Similar to our results, previous confocal microscopy observations of mitochondria from various cell types revealed different sizes (long, short, round)28,29,30. To segment mitochondria and measure their network parameters in confocal images, several automated approaches were used. These methods provided information about mitochondrial morphology and dimensions, but most of them underestimated the length31,32. In the present study, we used the Momito algorithm, which is a probabilistic approach allowing to measure mitochondrial length distribution and connectivity24. This algorithm is a powerful tool to study mitochondrial network phenotypes in cells without any prior information about organelle shapes. With this tool, we obtained a global view of the mitochondrial population morphology in cumulus cells, and we measured both their length and connectivity. A reduction in mitochondrial length as well as in mitochondrial connectivity was also reported after rotenone treatment.

Electron microscopy has long been used as a primary tool to reveal at nanoscale resolution the ultrastructure of cells and organelles in two dimensions. Comparable to our results, different mitochondrial morphologies were reported in various cell types from numerous species33,34,35. In mouse cumulus cells, previous studies revealed that mitochondria appeared tubular with transverse cristae21,36. Moreover, elongated mitochondria were observed in human cumulus cell37. All these descriptions were based on observations in two dimensions by electron microscopy. However, it has been demonstrated that depending on the mitochondrial distribution in cells, the organelle could be cut in different orientations (transversely, obliquely or longitudinally) resulting in varied mitochondrial shapes (elongated, oval or circular) when observed in two dimensions35. Therefore, 3D reconstruction of mitochondria is essential for a proper description of the mitochondrial network. Effectively, 3D characterisation of mitochondria in cumulus cells first confirmed the presence of the elongated mitochondrial phenotype observed by both confocal and FIB-SEM microscopy. A mitochondrial network with clustered structures was also highlighted and analysed by the Momito algorithm and validated by 3D analysis.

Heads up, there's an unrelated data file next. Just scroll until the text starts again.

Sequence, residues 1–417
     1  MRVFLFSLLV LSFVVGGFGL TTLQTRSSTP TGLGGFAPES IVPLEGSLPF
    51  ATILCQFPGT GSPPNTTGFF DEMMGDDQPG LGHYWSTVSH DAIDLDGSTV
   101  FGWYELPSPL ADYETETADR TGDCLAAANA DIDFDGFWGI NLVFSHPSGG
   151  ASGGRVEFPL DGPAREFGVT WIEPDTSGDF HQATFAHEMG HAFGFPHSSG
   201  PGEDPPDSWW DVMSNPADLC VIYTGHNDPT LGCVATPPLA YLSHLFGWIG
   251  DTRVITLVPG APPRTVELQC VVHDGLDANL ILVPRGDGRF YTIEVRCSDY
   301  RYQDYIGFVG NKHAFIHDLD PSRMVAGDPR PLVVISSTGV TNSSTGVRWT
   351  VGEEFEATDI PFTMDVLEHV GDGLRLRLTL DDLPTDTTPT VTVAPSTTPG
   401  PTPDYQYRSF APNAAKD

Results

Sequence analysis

Recently, several studies focused on the 3D reconstruction of mitochondria from various cell types8,38,39. Through this new approach, a quantitative 3D analysis was developed to assess numerous mitochondrial parameters. Comparable to our 3D findings, mitochondria from healthy human skeletal muscles displayed a large heterogeneity of morphology and volume (small, large, branched, and complex mitochondria) within the same cell8. Thus, the largest mitochondria from human skeletal muscle measured 0.68 µm3 while those from mouse cells measured 4.19 µm3. In addition, skeletal muscle cells of patients with mitochondrial diseases contained more simple fragmented mitochondria compared to cells from healthy individuals which contained a large number of branched mitochondria8. This morphological feature of organelle network was associated with mitochondrial stress in human muscle cells8. Furthermore, 3 D reconstruction of mitochondria from cardiac muscle cells showed that the network organisation as well as individual mitochondrion shapes and sizes correlated with cellular energy demands40. In mammalian cells, it was reported that 3D reconstructed individual mitochondria communicated with each other by nanotunnels allowing the formation of dynamic mitochondrial networks41. Moreover, the 3D organisation of mitochondria in neuronal cells showed the predominance of tubular structures in axons and dendrites suggesting their crucial role in the maintenance of cellular energy homeostasis42.